Derivatives as Slope of a Curve

What do snickerdoodles and velocity have in common? Derivatives! No, that wasn't a bad attempt at a joke. Get on our level by watching this speedy video.

AP CalculusDerivatives
LanguageEnglish Language
MPAC 1Reasoning with definitions and theorems
MPAC 3Implementing algebraic/computational processes
MathCalculus

Transcript

00:22

go in his new golf cart. He starts at his house and decides to have

00:27

the finish line at his friendÕs house. His friend, Mr. Macadamia Nut, Macnut for short,

00:32

decides to help him, by drawing a graph of his distance traveled in feet versus time

00:36

elapsed in seconds. Because Mr. SnickerdoodleÕs favorite number

00:40

is 10, he wants to figure out how fast the car can go at time equals 10 seconds.

00:46

How fast is Mr. Snickerdoodle going at 10 seconds?

00:47

One way to express how fast he is going is by using velocity, which equals the change

00:52

in position over change in time.

00:55

We know the function for position of the golf cart can be written as f of x equals x-squared.

01:02

If we can find the rate of change, or slope, of the position graph at 10 seconds, we will

01:07

find how fast he is going.

01:10

Typically, we can find the slope of a line by taking two points on the line, and taking

01:16

the quantity y2 minus y1 over x2 minus x1. However, our position graph is a curve, not

01:23

a line. This means that the slope of the graph varies at different points in time.

01:29

Even though the slope is changing, we can find the slope at a single x-value by finding

01:34

the slope of a line tangent to the curve at that point, when t equals 10.

01:41

To find the tangent line, we start by finding the line that goes through t equals 10 and

01:46

another point on the graph. This is called the secant line. To find the tangent line,

01:53

we can slide the other point closer and closer to t equals 10Éand eventually weÕll get

01:58

a line that is tangent to the graph at t equals 10.

02:02

A mathematical term we can use to describe getting closer and closer to something is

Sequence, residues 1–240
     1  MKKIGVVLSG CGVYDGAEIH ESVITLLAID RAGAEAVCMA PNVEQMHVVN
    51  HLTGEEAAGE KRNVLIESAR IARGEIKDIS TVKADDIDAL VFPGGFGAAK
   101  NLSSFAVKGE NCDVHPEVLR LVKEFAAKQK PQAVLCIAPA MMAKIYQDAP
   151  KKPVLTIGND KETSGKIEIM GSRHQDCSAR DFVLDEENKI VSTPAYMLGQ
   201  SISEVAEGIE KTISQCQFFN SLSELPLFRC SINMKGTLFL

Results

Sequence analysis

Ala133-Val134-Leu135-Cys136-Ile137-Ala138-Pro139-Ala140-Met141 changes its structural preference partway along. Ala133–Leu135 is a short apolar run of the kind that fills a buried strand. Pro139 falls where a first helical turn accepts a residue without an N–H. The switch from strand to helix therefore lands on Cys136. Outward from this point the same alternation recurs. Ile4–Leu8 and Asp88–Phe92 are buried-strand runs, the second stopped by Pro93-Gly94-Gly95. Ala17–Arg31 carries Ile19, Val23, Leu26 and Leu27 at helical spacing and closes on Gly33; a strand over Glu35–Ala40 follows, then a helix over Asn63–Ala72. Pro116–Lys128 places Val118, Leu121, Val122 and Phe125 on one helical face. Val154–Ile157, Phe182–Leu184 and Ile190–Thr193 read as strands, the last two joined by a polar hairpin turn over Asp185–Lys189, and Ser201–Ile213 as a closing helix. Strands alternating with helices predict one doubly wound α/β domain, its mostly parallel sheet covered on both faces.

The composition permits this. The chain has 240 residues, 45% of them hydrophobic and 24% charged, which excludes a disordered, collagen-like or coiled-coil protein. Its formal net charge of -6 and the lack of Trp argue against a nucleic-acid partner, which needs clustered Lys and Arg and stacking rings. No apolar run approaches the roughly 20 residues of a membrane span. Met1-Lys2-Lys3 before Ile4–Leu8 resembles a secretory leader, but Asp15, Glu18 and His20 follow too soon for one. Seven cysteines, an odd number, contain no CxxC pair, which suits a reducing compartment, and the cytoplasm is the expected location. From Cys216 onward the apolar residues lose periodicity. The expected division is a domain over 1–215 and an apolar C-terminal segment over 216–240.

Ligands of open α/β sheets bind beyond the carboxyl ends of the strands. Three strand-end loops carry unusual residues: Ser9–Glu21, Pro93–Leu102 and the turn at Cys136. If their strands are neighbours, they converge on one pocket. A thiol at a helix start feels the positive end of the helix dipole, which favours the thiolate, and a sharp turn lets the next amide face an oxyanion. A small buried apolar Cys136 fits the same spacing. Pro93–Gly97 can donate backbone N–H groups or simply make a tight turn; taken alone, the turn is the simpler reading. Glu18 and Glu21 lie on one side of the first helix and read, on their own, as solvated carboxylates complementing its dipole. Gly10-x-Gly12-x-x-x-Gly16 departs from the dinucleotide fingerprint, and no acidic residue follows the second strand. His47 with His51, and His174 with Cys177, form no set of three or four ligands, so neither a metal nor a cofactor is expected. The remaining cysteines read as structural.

02:07

a limit. In other words, we want to find the limit as the second point approaches 10.

02:14

As you may recall, slope is y2 minus y1 over x2 minus x1. To find the slope at x equals

02:20

ten, we take the limit of the slope of the secant line as the second point approaches

02:25

the first. Another way of thinking about this is the

02:29

distance between the two points, which we can call the variable h, approaching zero.

02:34

Since we want to express everything in terms of variables, we can label the initial point

02:38

with the variable x, which we will later substitute 10 for. Our formula for slope now becomes

02:45

the limit as h approaches zero of f of x plus h minus f of x over x plus h minus x.

02:54

The xÕs on the bottom cancel out, which leaves us with the limit as h approaches zero of

02:59

f of x plus h minus f of x all over h.

03:04

This formula will show up again and again when you do derivatives, so MEMORIZE IT.

03:10

Plugging in Mr. SnickerdoodleÕs equation, we have f of x equals x squared. For the first

03:15

part, we plug in x plus h instead of x..to get the limit as h approaches zero of x plus

03:23

h squared minus x squared over h. If we FOIL x plus h squared, we get x squared plus 2xh

03:32

plus h-squared. We can cancel the x squaredÕs, leaving us with the limit as h approaches

03:38

zero of two x h plus h squared all over h. We can factor an h out of the numerator..to

03:44

get h times 2x plus h. The hÕs cancel on the top and bottom. WeÕre left with the limit

03:50

as h approaches 0 of 2x plus h.

03:53

Now we can plug h equals zero in, giving us that the slope equals two x.

03:59

What we just found is the rate of change of the position over time, which, if you think

04:04

about it, is just velocity. This is also called TAKING THE DERIVATIVE of a function. Which

04:10

is presumably why you came to watch this video.

04:13

So back to Mr. Snickerdoodle. To find the velocity at ten seconds, we just plug in ten

04:18

for x into 2x. to find that Mr. SnickerdoodleÕs speed is 2 times 10, or 20 feet per second.

04:25

For those of you not familiar with feet and seconds, heÕs going a blazing 13.6 miles

04:31

per hour. His race car driving dreams are finally fulfilled.